Yesterday, Turkey announced it withdrew thousands of troops from neighboring Iraq, where they've been battling Kurdish separatist rebels hiding in the mountains. The Kurds are frequently described as the world's largest ethnic group without a country of their own.

NPR's Ivan Watson sent this Reporter's Notebook about the long and bloody quest for statehood.

IVAN WATSON: Not long ago, I watched a fistfight almost break out at a dinner table between an Iraqi Kurdish journalist and an Arab interpreter from Baghdad. It started when the Kurd mentioned that he noted down Kurdish for his nationality while filling out a hotel registration form. The Arab laughed and said: There's no such thing as a Kurdish nation.

The Kurd looked directly at the Arab and said, quote, "Do you know why I like Israelis? Because they're so good at killing Arabs."

The Arab had insulted a Kurd whose family fled chemical bombardment by Saddam Hussein's army in the 1980s. No regime has succeeded in crushing the dream of an independent Kurdistan.

Nearly 100 years ago, Britain, France and the United States reneged on a promise of statehood for the Kurds when they carved up the Middle East after World War I.

Today, more than 20 million Kurds live divided between Turkey, Iraq, Iran and Syria. Kurdish nationalists are tenacious. But they have also been plagued by self-destructive infighting.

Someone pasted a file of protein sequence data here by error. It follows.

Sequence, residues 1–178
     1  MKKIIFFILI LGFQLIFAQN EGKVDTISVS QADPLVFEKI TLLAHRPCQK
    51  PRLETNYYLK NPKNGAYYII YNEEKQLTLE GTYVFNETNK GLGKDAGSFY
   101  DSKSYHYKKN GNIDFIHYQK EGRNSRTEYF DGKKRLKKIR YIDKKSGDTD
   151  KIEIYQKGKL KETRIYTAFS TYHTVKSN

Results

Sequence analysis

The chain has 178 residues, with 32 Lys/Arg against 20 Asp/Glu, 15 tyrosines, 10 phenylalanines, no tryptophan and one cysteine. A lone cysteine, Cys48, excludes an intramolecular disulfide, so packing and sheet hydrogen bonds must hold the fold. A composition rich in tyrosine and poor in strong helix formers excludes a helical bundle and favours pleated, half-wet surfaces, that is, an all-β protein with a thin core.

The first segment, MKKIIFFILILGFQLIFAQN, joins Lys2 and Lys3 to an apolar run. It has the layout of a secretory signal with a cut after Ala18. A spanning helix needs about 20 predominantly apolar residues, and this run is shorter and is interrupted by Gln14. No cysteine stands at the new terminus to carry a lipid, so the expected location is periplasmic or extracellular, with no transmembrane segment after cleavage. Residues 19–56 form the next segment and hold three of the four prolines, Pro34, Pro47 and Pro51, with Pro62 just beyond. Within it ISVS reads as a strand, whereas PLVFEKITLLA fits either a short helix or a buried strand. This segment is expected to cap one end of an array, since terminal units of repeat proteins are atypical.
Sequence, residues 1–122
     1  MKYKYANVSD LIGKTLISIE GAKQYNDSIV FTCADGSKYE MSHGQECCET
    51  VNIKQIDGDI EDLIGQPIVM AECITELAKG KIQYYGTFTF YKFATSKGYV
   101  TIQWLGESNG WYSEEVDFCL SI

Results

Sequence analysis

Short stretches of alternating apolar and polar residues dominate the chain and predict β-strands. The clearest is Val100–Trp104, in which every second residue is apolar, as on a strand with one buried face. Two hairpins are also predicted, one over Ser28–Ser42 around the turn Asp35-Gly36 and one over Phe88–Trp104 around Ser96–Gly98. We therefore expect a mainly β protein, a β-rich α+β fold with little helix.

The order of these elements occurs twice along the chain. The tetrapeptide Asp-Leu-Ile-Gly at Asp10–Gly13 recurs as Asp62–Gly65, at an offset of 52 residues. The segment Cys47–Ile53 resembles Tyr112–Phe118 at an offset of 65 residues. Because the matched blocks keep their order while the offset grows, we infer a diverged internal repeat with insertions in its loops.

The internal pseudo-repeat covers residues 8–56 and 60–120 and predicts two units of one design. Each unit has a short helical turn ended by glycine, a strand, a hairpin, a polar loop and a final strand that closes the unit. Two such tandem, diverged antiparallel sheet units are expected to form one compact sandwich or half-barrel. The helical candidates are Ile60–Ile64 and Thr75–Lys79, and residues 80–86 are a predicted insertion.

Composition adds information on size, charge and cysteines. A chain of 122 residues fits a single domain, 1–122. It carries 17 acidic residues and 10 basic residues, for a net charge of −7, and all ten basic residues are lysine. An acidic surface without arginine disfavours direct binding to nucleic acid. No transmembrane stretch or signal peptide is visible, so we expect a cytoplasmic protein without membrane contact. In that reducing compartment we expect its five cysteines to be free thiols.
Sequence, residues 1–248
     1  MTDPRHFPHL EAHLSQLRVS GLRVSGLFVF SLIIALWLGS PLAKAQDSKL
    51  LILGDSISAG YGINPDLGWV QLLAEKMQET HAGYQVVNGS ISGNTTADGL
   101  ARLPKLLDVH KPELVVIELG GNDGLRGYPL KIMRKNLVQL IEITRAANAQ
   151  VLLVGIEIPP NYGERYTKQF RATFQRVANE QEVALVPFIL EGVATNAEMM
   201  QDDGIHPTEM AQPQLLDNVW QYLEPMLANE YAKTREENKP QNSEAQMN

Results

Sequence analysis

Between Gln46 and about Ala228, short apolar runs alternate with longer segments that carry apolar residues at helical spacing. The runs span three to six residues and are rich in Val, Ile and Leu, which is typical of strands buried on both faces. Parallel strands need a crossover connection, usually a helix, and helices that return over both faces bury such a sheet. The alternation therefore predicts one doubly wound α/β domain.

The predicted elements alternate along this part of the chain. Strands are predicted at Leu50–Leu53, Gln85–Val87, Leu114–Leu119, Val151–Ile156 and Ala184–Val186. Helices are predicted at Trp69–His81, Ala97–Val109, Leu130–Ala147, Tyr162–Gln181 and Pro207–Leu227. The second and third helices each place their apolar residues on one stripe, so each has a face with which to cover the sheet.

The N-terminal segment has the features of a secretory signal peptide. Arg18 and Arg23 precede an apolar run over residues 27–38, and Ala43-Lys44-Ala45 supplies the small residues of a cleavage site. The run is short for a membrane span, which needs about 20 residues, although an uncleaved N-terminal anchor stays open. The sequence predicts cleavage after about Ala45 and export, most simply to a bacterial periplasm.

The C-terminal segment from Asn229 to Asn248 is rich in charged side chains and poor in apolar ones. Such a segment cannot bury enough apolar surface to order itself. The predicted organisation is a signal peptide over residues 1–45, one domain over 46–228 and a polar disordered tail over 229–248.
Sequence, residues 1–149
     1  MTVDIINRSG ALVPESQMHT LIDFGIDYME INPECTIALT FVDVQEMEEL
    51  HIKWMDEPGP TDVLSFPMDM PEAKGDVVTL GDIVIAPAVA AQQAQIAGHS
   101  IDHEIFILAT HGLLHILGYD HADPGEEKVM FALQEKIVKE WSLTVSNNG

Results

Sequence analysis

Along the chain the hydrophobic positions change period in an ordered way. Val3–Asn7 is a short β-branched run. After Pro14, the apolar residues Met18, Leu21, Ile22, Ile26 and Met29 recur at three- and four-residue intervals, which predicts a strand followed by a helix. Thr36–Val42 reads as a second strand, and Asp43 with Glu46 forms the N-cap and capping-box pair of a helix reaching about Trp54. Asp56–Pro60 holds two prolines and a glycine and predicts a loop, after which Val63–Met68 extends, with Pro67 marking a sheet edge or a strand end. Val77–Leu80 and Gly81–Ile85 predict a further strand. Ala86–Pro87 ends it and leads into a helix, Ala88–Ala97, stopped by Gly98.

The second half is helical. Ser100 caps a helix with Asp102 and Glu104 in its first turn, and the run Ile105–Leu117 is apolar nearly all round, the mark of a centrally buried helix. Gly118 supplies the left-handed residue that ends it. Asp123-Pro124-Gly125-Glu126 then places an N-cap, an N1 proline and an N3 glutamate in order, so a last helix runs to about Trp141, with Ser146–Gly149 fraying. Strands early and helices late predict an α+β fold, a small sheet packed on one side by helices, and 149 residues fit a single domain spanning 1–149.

It was no surprise, then, that the Iraqi Kurds did not rush to help the Kurdish separatists of the PKK when the Turks attacked them nine days ago. The Iraqi Kurds have much to lose. Since the overthrow of Saddam Hussein, semi-autonomous Iraqi Kurdistan has become the closest thing the Kurds have ever had to an independent state.

Unfortunately, the leadership in Iraqi Kurdistan increasingly resembles so many of the Middle East's other authoritarian regimes, and hordes of frustrated young Kurds illegally emigrate to Europe each year in search of a better life. Among those who have left Iraqi Kurdistan is the young journalist who nearly punched the Arab interpreter at dinner.

My leaders are no different from Saddam, he once bitterly told me. The Kurd is now studying in America. He says he still dreams of one day returning to a truly independent Kurdistan.

SIMON: Ivan Watson.

Copyright © 2008 NPR. All rights reserved. Visit our website terms of use and permissions pages at for further information.

NPR transcripts are created on a rush deadline by a contractor for NPR, and accuracy and availability may vary. This text may not be in its final form and may be updated or revised in the future. Please be aware that the authoritative record of NPR’s programming is the audio.



Please keep your community civil. All comments must follow the Community rules and terms of use, and will be moderated prior to posting. NPR reserves the right to use the comments we receive, in whole or in part, and to use the commenter's name and location, in any medium. See also the Terms of Use, Privacy Policy and Community FAQ.